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Mars Beneath the Surface

Doesn’t Look Like Much, Does It?

When I was attending my mindful meditation session on November 15, the cute young woman who acted as liaison with the L.A. Central Library handed me a flier that promised an interesting experience:

Live, from another world! Watch the live stream of NASA’s InSight mission when it lands on Mars. InSight is a robotic lander designed to study the interior of the Red Planet. The mission is scheduled to land on the surface of mars at Elysium Planitia, where it will deploy a seismometer and burrow a heat probe. This will be the first mission dedicated to studying the deep interior of the planet.

As the event was scheduled for today at 11 am, I took the Metro to the Central Library and attended the event. For all the years that I have lived in Southern California, I have never interested myself in the space program—except for my visit to the retired space shuttle Endeavour at the California Science Center. This was to be the first Mars landing in six years, and it was the first that was planned and executed all within the State of California. It was put together by the Jet Propulsion Laboratory (JPL) in Pasadena, staffed largely by graduates of Cal Tech, and launched early in May from Vandenberg Air Force Base near Lompoc.

Although technically, the live-streaming was a bit of a dud, with the image going into long buffering pauses in between live action snippets. At one point, I asked if they were running Windows 3.1, which was the version I used in the late 1980s. When I found that they were using Apple’s Safari browser, I noted yet another black mark laid to Apple’s account (though it probably wasn’t Apple’s fault).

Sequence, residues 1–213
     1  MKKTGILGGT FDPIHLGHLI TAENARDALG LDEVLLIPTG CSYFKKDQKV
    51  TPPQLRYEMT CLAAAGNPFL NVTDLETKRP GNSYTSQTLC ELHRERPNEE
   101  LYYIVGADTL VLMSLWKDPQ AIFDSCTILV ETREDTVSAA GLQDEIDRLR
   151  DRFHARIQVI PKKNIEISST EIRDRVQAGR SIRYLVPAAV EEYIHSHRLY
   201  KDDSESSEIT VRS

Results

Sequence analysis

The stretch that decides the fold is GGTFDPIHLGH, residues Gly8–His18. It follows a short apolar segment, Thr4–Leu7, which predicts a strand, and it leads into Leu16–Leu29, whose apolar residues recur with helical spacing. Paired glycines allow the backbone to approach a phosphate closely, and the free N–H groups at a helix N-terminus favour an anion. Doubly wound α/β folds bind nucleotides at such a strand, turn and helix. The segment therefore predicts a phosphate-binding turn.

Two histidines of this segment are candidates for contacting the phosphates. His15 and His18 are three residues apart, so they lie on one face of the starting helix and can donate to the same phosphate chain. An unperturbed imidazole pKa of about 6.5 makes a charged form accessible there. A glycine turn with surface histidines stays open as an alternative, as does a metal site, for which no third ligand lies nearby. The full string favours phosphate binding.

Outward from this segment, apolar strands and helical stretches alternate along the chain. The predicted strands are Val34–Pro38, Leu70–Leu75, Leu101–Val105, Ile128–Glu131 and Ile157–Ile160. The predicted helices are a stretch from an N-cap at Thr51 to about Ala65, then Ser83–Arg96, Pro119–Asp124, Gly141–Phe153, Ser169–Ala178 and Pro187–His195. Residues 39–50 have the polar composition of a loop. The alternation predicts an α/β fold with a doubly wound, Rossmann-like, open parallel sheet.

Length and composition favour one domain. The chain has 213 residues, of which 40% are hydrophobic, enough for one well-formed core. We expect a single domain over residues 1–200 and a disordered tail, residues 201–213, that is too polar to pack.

Mockup of the Mars InSight Lander

Fortunately, there were a number of JPL employees present who were able to bridge all the lacunae and present a coherent picture of the mission from the point of view of the techies who were most involved. Fortunately, it was a splendid success, with the first picture coming in within minutes of the landing. It doesn’t look like much: It’s merely an image of the surface on which the lander was situated. You can see mostly a lot of dust (this is because there is a protective transparent lens cap covering the photo lens) and a rock in the lower left foreground. At the lower right, you see one of the legs of the lander.

This mission is not meant to move around the surface of the planet: It is, rather, to use a seismograph (that’s the object above that looks like an upside-down colander) to determine whether the Red Planet has a molten core, or whether it’s as dead as our moon. There is also a probe drilled 15 feet into the surface of the planet to measure micro-variations in heat.

I understand that JPL has an open house in the spring that I am interested in attending.

 

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